China contract lawyers

China Contracts: Email Not Usually Included

The international dispute resolution lawyers at my law firm are frequently contacted by American/European companies seeking our help in pursuing Chinese companies for providing “bad product.” We turn down a whole slew of them because because of our potential client’s low likelihood of success. We typically do not want to pursue these claims because the

China lawyer scams

China Contract Drafting Scams: From Bad to Much Worse

Last week, in So You Think You Have a China WFOE or Joint Venture or Trademark: Do You Though?, I wrote about foreign companies that had been duped into believing that their IP or their Chinese legal entity (typically either a WFOE or a Joint Venture (JV)) had been registered in China when, in fact,

China employee non-compete

China Employee Non-Compete Agreements: The Price You’ll Pay

A Non-Compete Agreement is a contract where one party agrees not to compete with the other. These agreements reduce the likelihood of someone using information you provide them to compete against you. Non-compete agreements are fairly common between Western companies and their more important employees and it is common for those Western companies to want

How to Sue a Chinese company in a court or via arbitration

How to Write a Bad International Arbitration Clause

Yesterday, I attended a fantastic webinar on alternative dispute resolution. Its focus was on arbitration and mediation in Latin America, but pretty much all of what was said applies worldwide. I wrote down one thing said at the event, thinking I would use it for a blog post and today I am. That one thing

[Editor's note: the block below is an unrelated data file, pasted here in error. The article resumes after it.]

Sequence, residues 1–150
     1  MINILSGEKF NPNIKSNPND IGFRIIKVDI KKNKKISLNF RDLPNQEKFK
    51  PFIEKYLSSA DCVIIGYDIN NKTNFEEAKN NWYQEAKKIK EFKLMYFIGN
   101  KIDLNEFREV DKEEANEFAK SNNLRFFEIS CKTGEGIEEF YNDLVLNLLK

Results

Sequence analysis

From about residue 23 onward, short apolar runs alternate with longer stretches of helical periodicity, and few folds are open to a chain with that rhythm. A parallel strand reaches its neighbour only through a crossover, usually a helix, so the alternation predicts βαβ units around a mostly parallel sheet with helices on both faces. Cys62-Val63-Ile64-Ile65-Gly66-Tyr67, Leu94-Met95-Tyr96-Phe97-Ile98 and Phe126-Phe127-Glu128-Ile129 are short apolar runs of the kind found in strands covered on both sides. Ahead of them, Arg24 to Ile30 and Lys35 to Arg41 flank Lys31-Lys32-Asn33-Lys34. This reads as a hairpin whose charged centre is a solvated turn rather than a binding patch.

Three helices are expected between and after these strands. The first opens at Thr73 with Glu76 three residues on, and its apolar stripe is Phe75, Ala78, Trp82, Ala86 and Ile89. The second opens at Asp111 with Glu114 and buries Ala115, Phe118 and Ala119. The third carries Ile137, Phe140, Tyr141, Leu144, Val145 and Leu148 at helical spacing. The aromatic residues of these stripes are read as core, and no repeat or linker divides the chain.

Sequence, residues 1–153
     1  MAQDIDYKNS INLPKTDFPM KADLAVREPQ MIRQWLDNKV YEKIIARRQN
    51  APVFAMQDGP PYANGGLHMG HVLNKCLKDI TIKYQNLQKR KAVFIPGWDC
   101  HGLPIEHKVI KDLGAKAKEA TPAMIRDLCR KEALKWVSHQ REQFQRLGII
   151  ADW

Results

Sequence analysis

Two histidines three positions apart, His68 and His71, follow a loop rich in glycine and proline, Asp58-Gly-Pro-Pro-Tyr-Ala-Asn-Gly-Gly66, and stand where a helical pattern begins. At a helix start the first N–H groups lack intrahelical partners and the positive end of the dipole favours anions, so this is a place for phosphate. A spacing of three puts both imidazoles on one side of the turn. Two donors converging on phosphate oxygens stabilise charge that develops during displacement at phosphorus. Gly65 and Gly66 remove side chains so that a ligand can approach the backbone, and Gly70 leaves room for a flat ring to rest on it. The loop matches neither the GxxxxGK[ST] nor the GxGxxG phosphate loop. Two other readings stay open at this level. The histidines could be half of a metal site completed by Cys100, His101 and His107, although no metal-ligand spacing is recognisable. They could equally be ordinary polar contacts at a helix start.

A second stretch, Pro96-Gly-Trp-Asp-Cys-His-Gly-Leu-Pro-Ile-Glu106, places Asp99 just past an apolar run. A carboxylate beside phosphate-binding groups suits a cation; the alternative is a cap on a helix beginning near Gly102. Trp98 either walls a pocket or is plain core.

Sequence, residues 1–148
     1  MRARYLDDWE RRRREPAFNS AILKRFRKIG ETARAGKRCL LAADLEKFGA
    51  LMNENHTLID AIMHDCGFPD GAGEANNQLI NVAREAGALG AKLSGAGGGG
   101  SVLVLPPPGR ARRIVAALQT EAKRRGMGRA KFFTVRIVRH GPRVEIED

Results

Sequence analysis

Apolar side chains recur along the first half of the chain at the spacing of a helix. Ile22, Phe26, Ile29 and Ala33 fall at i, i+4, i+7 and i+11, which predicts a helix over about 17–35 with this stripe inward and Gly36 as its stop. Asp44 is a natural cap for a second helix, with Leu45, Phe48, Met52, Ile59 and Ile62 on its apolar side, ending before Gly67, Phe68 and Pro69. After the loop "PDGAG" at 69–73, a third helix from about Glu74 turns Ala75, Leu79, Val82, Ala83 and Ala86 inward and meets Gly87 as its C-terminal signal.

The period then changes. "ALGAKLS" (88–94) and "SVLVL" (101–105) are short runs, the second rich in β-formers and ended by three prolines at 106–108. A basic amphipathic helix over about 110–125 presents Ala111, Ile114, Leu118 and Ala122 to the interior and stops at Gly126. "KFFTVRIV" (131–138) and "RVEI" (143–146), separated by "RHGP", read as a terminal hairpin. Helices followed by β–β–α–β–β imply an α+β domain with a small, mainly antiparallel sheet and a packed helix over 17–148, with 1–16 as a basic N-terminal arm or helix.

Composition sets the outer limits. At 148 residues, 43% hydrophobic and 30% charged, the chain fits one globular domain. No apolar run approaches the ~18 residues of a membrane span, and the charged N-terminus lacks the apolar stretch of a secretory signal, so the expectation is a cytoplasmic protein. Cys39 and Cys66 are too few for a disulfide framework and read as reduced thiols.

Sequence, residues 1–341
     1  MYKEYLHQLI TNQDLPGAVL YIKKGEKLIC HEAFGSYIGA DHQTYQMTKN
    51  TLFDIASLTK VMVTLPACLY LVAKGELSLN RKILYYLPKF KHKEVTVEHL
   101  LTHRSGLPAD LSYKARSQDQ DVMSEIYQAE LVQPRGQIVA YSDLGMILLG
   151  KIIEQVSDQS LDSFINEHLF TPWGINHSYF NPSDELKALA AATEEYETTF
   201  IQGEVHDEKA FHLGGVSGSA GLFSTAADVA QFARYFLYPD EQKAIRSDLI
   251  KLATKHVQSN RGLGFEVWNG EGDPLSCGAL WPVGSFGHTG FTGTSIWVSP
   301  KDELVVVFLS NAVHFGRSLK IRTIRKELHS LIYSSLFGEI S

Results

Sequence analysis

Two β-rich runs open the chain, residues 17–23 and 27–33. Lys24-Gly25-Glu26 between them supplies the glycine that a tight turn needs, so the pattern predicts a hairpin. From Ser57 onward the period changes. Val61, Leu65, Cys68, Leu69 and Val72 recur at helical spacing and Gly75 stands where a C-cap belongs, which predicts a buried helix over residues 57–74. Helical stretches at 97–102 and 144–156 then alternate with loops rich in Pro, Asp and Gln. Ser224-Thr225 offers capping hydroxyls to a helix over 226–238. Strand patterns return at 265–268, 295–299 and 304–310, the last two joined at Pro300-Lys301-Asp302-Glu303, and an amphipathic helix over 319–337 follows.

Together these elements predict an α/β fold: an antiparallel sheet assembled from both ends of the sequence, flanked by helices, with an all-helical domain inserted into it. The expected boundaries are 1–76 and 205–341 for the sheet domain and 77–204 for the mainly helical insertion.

China fraud and scams

Check Your China Registrations

I should have run this post earlier and talked about it as a New Year’s resolution, but it did not occur to me until I learned over the weekend that a Canadian company that thought it had a Chinese trademark didn’t really have that trademark at all. At least once a year, one of our

China domain names

China Bank Accounts and Financial Records: I See Some Bad Fraud Rising

U.S. companies’ relationships with their Chinese business partners have been strained in the past year, and that has only accelerated the past few months, as we have noted in prior blog posts (see The US-China Trade War: What’s Next?, When Will the US-China Trade War End? It’s the New Normal, and The US-China Trade War:

china law blog

China Contract Damages Done Right

This must be China contract damages week. I say that because in cleaning up months of emails I came across three interesting emails on contract damages (similar to  liquidated damages under common law). Before I discuss those three emails, I will explain what contract damages are and why they are so important in just about

china law blog

China Mergers and Acquisitions: When Your Due Diligence Says Don’t Do It

My law firm’s international lawyers do a significant amount of transactional work, which we call “happy law.” It’s generally happy because the buyer and seller largely know what they want from the other side and they have already agreed in principle on what the deal will look like. Both sides bring in transactional lawyers like

China Employee Handbook Lawyer

How to Whip Your China Employee Handbook into Shape

If it has been a while (say over a year or longer) since you reviewed and updated your China employer rules and regulations, you should get on it now. Creating employer rules and regulations (a/k/a an employee handbook) takes a fair amount of hard work, but once you have a well-written handbook, updating it should

hundred dollar bill on fire

China Employment Contracts: Do Them in Chinese

Don’t waste your money with an English language employment contract Our China lawyers sometimes get “simple” questions from our WFOE clients regarding China’s labor law. One such question is whether they must use Chinese as the prevailing language for their employment contracts with their employees, especially with their expat employees. This question is not as